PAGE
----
An interesting question was raised by one of my classmates when we were juniors in high school about to take the AP English exam (and no it was not “Does anyone have a pencil?” or “What test is this again?”) Instead it was, “Can we use dictionaries?”
While my peers initially laughed at our classmate, chuckles were soon replaced by nervous giggles as the fear set in that we would actually have to write our essays without (GASP!) the use of Microsoft Word which so kindly “reds” words that are misspelled. Or, better yet, autocorrects.
I am going to venture a guess that this type of panic spanned more than just Westchester County as computer dependent kids nowadays don’t know what to do when they are forced to put the good ole’ pen to paper and try to spell words without their trusty computer companion. This illustrates one of the biggest questions that I can’t seem to figure out the answer to: at what point does frequent computer use in school become a bad thing?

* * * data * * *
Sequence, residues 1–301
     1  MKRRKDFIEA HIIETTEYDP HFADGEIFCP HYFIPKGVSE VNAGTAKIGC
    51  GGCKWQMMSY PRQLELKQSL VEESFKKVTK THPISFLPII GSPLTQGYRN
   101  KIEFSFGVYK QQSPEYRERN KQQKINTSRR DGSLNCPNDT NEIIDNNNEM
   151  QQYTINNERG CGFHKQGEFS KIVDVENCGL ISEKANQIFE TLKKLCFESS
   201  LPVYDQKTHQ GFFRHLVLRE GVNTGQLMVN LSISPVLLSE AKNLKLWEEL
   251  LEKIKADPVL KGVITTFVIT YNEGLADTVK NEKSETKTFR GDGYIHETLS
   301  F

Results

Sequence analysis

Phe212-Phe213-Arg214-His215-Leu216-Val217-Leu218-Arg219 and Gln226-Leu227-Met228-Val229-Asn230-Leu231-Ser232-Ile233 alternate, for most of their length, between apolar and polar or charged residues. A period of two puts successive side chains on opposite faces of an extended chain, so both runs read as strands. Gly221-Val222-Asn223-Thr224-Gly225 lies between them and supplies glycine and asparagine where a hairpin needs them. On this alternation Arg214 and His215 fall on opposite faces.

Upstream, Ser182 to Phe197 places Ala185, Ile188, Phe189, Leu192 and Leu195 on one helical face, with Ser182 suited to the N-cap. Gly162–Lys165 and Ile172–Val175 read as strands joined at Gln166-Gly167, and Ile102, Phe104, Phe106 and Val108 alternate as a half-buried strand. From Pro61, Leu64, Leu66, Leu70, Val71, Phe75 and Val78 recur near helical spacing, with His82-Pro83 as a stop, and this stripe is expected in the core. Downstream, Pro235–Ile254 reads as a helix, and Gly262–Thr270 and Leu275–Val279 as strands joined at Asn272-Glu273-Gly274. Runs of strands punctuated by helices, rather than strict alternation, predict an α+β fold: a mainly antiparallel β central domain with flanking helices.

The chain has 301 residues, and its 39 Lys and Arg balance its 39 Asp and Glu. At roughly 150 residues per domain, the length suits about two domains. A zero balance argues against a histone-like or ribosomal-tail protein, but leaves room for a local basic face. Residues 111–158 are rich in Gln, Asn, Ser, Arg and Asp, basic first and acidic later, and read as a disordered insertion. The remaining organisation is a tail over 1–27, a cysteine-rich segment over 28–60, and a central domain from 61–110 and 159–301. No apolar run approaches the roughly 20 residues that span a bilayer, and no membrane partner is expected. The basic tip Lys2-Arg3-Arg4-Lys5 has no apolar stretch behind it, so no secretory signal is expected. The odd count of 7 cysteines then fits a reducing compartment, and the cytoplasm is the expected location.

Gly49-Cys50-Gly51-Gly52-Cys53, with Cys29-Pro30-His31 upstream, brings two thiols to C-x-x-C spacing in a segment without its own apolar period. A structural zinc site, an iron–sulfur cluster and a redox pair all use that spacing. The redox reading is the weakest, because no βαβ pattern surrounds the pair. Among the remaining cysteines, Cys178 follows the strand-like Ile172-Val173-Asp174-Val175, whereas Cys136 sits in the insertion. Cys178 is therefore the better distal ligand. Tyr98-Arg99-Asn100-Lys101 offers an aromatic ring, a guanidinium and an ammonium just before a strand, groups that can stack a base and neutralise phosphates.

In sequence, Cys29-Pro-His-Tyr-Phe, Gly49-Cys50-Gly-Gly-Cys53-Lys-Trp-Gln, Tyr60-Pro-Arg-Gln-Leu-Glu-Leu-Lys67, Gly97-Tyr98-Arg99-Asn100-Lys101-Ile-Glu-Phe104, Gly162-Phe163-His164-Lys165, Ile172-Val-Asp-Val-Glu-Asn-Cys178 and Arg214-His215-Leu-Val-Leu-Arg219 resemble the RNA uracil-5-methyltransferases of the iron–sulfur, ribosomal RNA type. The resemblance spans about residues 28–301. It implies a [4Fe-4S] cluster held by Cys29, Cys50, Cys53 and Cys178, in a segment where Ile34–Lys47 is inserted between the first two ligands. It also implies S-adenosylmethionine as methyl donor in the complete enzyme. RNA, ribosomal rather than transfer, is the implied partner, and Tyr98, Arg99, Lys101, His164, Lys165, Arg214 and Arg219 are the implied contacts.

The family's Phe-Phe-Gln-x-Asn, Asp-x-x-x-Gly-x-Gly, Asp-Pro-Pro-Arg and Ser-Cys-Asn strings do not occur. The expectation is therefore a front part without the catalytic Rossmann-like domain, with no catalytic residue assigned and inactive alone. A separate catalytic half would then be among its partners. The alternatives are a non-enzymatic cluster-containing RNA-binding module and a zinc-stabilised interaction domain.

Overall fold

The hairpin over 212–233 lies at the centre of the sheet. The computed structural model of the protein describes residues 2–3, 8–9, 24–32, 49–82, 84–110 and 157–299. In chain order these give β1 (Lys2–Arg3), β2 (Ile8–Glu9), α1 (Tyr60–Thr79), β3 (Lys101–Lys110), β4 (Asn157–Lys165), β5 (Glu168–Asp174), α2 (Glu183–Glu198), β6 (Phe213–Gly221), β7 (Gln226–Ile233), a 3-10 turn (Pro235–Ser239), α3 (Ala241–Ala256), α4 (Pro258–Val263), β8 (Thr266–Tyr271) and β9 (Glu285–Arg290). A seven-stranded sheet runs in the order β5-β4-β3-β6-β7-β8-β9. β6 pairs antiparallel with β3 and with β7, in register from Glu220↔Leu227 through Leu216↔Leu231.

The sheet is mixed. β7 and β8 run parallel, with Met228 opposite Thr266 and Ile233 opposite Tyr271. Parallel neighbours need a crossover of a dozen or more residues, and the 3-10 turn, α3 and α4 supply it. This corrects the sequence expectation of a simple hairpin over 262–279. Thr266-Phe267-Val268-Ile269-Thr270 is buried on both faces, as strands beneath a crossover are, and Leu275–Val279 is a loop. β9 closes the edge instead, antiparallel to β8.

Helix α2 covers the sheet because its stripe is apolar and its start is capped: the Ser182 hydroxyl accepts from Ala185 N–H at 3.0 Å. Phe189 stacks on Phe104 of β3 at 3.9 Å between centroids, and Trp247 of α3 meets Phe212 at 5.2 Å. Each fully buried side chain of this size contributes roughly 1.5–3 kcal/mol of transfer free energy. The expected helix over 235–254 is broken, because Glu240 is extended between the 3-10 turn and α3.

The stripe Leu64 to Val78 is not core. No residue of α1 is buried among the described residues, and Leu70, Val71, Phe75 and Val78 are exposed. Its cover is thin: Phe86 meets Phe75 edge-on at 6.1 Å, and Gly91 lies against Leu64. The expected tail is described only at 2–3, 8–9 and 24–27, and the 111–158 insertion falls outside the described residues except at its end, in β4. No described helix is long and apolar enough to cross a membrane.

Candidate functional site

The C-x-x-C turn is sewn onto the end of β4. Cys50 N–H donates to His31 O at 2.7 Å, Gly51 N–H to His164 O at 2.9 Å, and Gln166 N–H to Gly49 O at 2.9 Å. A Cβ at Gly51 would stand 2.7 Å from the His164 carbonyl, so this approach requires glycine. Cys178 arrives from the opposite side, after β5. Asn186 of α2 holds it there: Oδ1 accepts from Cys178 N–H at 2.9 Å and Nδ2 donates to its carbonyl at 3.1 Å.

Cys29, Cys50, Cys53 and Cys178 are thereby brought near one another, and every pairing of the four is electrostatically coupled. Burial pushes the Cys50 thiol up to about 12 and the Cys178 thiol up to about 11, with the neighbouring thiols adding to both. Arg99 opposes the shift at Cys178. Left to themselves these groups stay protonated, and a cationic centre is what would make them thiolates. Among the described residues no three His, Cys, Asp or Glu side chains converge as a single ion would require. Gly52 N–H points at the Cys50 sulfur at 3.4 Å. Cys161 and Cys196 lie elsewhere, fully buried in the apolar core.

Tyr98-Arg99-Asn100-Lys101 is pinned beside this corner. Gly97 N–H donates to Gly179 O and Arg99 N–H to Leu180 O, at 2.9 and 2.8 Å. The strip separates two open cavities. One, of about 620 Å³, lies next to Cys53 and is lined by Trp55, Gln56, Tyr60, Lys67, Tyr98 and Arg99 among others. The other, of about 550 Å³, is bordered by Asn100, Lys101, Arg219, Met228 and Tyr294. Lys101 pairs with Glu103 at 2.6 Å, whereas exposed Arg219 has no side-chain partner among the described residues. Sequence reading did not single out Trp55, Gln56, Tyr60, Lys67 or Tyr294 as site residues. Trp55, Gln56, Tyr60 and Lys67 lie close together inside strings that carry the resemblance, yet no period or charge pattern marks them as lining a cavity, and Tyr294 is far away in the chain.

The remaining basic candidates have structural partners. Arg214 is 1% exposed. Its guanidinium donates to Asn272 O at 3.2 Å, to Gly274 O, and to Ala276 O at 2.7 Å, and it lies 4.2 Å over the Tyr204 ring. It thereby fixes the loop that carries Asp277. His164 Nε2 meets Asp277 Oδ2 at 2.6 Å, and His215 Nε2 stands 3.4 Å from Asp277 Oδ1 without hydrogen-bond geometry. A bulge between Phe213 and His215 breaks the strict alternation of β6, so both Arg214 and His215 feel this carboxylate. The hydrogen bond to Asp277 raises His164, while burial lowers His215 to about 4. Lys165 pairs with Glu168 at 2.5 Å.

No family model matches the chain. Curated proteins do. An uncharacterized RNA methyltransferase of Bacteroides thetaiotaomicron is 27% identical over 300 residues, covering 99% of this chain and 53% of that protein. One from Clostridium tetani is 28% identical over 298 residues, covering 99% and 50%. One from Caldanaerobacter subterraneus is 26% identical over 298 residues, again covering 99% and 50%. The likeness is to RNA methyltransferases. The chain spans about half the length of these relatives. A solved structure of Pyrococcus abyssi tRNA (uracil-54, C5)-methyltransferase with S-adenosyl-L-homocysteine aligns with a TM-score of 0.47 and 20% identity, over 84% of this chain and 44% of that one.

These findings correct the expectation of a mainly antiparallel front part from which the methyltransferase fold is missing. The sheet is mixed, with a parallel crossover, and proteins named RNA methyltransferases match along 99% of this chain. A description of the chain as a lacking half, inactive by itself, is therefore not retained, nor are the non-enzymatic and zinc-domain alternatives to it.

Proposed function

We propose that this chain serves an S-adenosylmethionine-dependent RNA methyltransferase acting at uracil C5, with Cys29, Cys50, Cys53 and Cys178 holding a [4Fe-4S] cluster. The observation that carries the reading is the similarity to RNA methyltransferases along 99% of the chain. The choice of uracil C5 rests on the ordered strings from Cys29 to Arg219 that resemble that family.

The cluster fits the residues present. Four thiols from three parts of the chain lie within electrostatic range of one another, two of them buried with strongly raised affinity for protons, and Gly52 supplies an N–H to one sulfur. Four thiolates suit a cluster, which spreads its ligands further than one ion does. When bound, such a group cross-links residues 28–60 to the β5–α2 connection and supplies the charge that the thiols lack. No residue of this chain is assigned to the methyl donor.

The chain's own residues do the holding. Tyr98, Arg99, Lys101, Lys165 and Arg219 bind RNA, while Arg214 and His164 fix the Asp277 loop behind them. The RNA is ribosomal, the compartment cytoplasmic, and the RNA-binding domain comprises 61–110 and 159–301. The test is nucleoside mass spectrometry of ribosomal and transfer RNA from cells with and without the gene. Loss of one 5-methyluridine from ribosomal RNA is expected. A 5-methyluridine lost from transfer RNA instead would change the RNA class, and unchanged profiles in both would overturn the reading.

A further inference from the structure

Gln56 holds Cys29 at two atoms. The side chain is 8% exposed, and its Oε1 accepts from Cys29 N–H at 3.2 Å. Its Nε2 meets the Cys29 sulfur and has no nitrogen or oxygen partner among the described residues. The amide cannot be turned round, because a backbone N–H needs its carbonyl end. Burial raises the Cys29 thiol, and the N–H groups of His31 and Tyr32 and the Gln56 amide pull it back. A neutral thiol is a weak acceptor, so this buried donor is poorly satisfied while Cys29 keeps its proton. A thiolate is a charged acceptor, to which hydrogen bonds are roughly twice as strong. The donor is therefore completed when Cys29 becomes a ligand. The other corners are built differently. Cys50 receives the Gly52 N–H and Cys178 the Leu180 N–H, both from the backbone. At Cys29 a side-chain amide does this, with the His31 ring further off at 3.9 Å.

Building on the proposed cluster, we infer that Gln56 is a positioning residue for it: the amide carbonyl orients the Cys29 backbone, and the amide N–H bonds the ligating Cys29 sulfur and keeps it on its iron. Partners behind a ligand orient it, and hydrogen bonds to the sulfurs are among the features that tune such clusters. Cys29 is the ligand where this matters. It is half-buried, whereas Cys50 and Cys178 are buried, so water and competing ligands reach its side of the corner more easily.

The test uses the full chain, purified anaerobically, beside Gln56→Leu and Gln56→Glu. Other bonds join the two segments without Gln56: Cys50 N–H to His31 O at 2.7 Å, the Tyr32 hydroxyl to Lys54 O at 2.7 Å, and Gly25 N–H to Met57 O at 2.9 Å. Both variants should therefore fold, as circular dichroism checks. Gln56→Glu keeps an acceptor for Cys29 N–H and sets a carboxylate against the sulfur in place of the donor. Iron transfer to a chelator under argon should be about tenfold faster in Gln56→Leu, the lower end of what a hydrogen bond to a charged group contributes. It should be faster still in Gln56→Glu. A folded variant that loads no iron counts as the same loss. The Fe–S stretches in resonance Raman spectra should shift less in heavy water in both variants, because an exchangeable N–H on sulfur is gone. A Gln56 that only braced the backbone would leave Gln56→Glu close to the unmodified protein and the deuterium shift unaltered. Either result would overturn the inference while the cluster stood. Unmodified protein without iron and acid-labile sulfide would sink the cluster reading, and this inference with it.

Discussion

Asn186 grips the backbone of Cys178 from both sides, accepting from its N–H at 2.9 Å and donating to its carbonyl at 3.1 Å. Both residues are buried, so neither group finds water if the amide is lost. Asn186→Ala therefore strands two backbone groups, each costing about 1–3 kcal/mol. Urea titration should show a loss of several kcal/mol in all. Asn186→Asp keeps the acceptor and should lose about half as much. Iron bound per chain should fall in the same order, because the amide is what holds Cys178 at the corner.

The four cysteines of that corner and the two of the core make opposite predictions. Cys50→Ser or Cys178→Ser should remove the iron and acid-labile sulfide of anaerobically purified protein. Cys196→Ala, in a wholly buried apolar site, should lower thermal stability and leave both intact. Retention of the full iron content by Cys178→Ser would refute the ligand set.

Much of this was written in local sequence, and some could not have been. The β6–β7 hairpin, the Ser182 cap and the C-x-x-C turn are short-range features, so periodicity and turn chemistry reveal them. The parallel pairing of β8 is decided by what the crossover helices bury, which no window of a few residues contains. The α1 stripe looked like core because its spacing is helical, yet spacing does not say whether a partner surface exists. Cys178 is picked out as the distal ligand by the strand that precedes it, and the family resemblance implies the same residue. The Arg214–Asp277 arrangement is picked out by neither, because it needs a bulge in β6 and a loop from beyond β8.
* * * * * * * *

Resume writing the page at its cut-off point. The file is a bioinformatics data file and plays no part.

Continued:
I see both sides here.
On the one hand, students who become adept with computers at a young age are well equipped to handle computer-heavy college courses and eventually the real world – a place in which it is now increasingly common for employees to have at least two computers, a iPad and a smartphone. Moreover, students see firsthand how the magic of the Internet is just a click away, there to give them insight into Shakespeare’s “Romeo and Juliet,” the War of 1812 and how to solve for infinity.
Conversely, the more students become Microsoft Word savvy and text messaging devotees, the less they know how to spell tricky words such as “jewelry,” “Renaissance,” and “accidentally.” And on the rare occasion that your future boss actually requests you to leave them a handwritten reminder as opposed to an email (or if your future email system doesn’t have spell check), you are going to wish your school had spent a little more time using notebooks as opposed to laptops.